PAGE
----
Around the same time I was investigating the different APIs that were available (Fall 2015), Microsoft released Visual Studio Community 2015, the newest free version of their Visual Studio product.  Community 2015 is the first free version of Visual Studio that contains software called Blend.  Blend was originally sold as a stand-alone (very expensive) product used for doing design in WPF (Windows Presentation Foundation) and Silverlight projects.  Later, when Microsoft began packaging it with the paid versions of Visual Studio, but now it is freely available.  It allows Adobe Flash-like animation and design capability that I was already quite familiar with and I knew would be very useful for creating a compelling UI for Sim Pueblo.

Between the failure of the JavaScript sample code and the release of Community 2015, I selected the CLR binding and chose to produce the application in WPF.   WPF is a Windows desktop only development framework with very strong UI capabilities and powerful back-end programming functionality, but it is extremely limited by its possible platforms - only Windows machines.  For this project it would be perfect, because the project is designed to run exclusively on an HP Sprout, all Sprouts run on Windows, and all of the Sprout’s functionality is available for that binding.[3]

In WPF, all design elements are defined in a special dialect of XML called XAML, or eXtensible Application Markup Language.  This includes all UI components like grids, drawings, and buttons as well as storyboards, visual states, behaviors, and styles.  All of the code-behind is written in either C# or Visual Basic, but most developers use C#. This allows for powerful design and development capabilities.

Object Tracking Attempts and Solution

In order to aid in the technical description that follows, below is a diagram of the Sprout with parts labeled.

Figure 3: An HP Sprout installed at the Coronado Historic Site.

Once the API was selected, it was time to try and get the Sprout to distinguish and track the buildings.  One of the stated capabilities of the Sprout is that it can track physical objects.  I thought that because the buildings were one orientation only (rotation was only in the x-y plane), that it would have no trouble tracking them.  I attempted to train the Sprout to recognize the buildings themselves, but because of parallax when buildings were moved from one side of the mat to the other and changing lighting conditions, it was unable to distinguish them.  Sprout object tracking works by scanning the downward facing webcam’s video frames for a specific bitmap image.  Because of this, the Sprout’s object tracking capability is limited to 2D objects like postcards or photos.  

The Sprout is capable of scanning 3D objects and taking note of their shape, outline, and texture.  The “capture” process (as it is called in the documentation) takes about three to five seconds per scan and whites out the mat screen in the process.  In order to use this, we would have to add a button to tell people to update the mat every time they added a building, which would make for a very disjointed user experience.  Furthermore, the whiting out of the screen is very jarring and could be an accessibility issue for people with epilepsy.  This initial experimentation had disappointing results, so I needed to explore other ways to identify and track the buildings.  I had three unsuccessful attempts at object tracking before settling on my final successful method of using building tags.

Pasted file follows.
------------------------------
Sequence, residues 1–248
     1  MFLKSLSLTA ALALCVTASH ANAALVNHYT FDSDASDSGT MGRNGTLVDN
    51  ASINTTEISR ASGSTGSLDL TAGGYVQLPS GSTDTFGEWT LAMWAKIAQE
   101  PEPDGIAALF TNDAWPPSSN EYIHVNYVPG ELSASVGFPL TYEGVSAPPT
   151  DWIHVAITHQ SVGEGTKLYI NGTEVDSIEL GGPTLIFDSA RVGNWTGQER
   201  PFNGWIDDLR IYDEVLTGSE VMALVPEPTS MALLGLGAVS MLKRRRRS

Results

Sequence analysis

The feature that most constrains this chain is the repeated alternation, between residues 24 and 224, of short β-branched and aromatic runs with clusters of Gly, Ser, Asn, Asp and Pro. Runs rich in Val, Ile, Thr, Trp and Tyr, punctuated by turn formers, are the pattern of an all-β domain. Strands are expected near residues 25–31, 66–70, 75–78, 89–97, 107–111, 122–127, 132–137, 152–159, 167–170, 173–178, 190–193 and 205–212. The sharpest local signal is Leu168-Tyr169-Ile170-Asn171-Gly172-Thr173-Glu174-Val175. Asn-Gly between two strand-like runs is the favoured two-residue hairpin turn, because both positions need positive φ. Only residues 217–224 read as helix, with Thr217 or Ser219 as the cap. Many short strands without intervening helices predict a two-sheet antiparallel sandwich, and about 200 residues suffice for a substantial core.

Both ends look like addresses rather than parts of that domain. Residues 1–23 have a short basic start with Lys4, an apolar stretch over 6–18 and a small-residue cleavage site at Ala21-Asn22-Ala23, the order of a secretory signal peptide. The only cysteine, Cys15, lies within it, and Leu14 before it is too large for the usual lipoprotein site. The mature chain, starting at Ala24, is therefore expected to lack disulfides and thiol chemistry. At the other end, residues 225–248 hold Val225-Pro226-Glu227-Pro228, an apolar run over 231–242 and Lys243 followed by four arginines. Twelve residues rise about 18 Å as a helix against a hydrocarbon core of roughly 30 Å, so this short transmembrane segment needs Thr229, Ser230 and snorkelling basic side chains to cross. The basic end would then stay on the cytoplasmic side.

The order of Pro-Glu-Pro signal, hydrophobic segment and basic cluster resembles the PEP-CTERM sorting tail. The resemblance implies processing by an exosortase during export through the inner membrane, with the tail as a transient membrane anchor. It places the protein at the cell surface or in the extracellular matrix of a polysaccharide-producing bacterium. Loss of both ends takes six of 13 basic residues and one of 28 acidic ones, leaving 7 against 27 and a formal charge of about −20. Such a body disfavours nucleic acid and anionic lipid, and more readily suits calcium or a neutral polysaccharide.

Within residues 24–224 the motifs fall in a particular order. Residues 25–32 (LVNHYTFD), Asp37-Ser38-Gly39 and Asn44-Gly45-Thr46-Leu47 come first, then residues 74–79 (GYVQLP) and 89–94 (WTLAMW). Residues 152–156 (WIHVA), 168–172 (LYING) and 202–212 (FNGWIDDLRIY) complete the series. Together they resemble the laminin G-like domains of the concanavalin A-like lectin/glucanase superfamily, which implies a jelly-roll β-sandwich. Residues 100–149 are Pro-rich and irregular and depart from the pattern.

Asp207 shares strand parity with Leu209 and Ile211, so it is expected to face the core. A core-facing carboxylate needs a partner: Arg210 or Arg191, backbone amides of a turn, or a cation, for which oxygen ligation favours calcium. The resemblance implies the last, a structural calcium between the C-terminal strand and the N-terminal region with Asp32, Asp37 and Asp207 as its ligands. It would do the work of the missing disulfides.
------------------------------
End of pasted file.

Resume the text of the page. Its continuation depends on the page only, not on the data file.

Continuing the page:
Unsuccessful Methods

Outline Method

Each of the pueblo buildings has a different physical outline, so I figured I could use that unique footprint to identify and track them.  In order to do that, I would need to reliably and quickly separate the buildings from the mat background.  The Sprout has a downward-facing webcam and downward-facing Intel® RealSense™ 3D camera that continuously monitors the touch mat. The most obvious thing to do would be to use the 3D camera because no matter what extra content was projected on the mat, the buildings would still stand out.   The RealSense™ camera is similar to a Microsoft Kinect in that it uses an array of infrared laser points that reflect back to a detector and create a point cloud representing the 3D shape of objects within its field of view.

The RealSense™ camera has its own SDK[4], but at the time I was working on this particular aspect of the problem, the Sprout’s software did not allow developers to access any of the RealSense SDK’s capabilities[5].  However, the output of the RealSense camera was still available in its raw form.  I attempted to use that output to isolate the buildings using the series of image filters from the AForge.NET[6] image processing library shown in the following code snippet.  This library was so fast that the operations produced virtually no lag whatsoever, so the frame-by-frame analysis is done in real time. The result of the series of filters is shown after the code sample.

// First use the AForge library to get the frame to be a binary white building on black background image.  The processingRect is the region of the video field that contains the touch mat.